Tarot Runes I Ching Stichomancy Contact
Store Numerology Coin Flip Yes or No Webmasters
Personal Celebrity Biorhythms Bibliomancy Settings

Today's Stichomancy for Robert Downey Jr.

The first excerpt represents the past or something you must release, and is drawn from Black Beauty by Anna Sewell:

take this gentleman's luggage -- Dover line twelve o'clock train -- that's it," and without waiting for another word Jerry wheeled me round to make room for other cabs that were dashing up at the last minute, and drew up on one side till the crush was past.

"`So glad!' he said, `so glad!' Poor young fellow! I wonder what it was that made him so anxious!"

Jerry often talked to himself quite loud enough for me to hear when we were not moving.

On Jerry's return to the rank there was a good deal of laughing and chaffing at him for driving hard to the train for an extra fare, as they said, all against his principles, and they wanted to know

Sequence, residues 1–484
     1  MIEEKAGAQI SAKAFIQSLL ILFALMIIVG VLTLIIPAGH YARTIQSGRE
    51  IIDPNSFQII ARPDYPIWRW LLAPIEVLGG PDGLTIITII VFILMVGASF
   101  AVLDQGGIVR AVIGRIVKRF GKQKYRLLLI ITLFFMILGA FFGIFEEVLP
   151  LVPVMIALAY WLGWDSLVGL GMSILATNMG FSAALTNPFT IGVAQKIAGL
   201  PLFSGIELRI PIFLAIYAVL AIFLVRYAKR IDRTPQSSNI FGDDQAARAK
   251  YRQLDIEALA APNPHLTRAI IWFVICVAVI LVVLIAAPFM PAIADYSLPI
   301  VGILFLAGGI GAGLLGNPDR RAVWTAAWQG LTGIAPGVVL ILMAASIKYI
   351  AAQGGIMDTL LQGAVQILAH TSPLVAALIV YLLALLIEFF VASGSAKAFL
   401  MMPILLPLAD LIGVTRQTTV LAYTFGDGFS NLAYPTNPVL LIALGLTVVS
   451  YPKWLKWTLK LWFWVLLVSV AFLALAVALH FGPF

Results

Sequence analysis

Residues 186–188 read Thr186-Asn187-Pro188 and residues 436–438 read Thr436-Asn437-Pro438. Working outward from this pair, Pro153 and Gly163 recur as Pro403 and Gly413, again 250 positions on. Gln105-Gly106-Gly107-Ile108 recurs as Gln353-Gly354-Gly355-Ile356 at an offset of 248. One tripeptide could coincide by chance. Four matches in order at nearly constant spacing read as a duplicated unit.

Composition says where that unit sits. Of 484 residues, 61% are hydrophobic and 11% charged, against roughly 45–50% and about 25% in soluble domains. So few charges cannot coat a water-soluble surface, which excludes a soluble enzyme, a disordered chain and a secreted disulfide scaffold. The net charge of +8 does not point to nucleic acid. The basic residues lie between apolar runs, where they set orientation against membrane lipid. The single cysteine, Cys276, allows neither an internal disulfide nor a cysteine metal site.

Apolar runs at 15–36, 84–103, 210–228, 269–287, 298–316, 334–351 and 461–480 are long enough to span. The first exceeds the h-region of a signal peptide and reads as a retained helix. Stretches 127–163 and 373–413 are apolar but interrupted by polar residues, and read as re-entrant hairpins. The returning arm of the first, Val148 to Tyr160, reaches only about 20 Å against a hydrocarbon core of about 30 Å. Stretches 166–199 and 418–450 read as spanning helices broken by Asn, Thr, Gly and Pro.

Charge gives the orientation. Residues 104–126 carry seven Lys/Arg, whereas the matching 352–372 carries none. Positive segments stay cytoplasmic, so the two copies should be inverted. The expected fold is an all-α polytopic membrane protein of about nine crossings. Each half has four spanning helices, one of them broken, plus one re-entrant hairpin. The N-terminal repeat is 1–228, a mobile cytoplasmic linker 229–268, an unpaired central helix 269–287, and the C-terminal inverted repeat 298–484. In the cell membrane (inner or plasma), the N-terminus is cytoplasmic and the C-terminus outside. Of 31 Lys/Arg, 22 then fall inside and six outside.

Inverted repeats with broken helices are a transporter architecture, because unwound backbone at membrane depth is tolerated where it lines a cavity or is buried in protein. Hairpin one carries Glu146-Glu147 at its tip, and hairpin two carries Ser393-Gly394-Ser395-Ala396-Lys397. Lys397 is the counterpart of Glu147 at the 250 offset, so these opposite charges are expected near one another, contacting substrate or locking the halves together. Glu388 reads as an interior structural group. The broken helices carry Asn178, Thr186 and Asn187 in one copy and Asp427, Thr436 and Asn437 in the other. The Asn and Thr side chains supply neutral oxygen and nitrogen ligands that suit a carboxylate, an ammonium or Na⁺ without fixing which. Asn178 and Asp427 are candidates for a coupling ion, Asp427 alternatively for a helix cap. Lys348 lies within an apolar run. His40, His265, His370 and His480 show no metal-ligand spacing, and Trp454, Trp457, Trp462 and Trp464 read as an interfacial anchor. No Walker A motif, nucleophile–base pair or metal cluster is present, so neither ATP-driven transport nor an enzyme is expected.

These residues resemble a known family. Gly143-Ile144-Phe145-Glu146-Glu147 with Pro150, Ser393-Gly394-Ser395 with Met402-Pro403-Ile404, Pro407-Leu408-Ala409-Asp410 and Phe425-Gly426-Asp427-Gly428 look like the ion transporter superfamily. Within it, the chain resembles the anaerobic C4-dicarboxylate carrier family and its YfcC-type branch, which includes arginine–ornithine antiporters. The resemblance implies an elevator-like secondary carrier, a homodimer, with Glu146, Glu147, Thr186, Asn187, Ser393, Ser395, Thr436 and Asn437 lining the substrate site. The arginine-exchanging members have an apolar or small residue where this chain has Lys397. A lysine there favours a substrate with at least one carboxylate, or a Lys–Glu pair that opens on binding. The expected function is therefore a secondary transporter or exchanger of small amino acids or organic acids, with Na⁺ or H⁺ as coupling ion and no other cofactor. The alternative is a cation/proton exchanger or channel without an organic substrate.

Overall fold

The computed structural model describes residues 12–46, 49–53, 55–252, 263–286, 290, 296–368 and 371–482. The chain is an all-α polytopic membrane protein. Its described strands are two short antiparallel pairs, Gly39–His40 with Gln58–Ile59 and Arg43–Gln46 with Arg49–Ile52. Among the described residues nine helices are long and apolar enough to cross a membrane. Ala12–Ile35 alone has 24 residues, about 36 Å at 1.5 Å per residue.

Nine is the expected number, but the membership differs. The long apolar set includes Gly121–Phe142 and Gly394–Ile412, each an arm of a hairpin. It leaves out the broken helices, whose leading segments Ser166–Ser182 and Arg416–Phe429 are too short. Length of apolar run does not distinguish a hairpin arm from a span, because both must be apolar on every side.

The second excerpt represents the present or the deciding factor of the moment, and is drawn from The Passionate Pilgrim by William Shakespeare:

Therefore, I'll lie with love, and love with me, Since that our faults in love thus smother'd be.

II.

Two loves I have, of comfort and despair, That like two spirits do suggest me still; My better angel is a man right fair, My worser spirit a woman colour'd ill. To win me soon to hell, my female evil Tempteth my better angel from my side, And would corrupt my saint to be a devil, Wooing his purity with her fair pride.

The third excerpt represents the future or something you must embrace, and is drawn from The Man that Corrupted Hadleyburg by Mark Twain:

reported in Stephenson's letter; there could be no better evidence than that--it was even PROOF that he had rendered it. Of course. So that point was settled. . . No, not quite. He recalled with a wince that this unknown Mr. Stephenson was just a trifle unsure as to whether the performer of it was Richards or some other--and, oh dear, he had put Richards on his honour! He must himself decide whither that money must go--and Mr. Stephenson was not doubting that if he was the wrong man he would go honourably and find the right one. Oh, it was odious to put a man in such a situation--ah, why couldn't Stephenson have left out that doubt? What did he want to intrude that for?


The Man that Corrupted Hadleyburg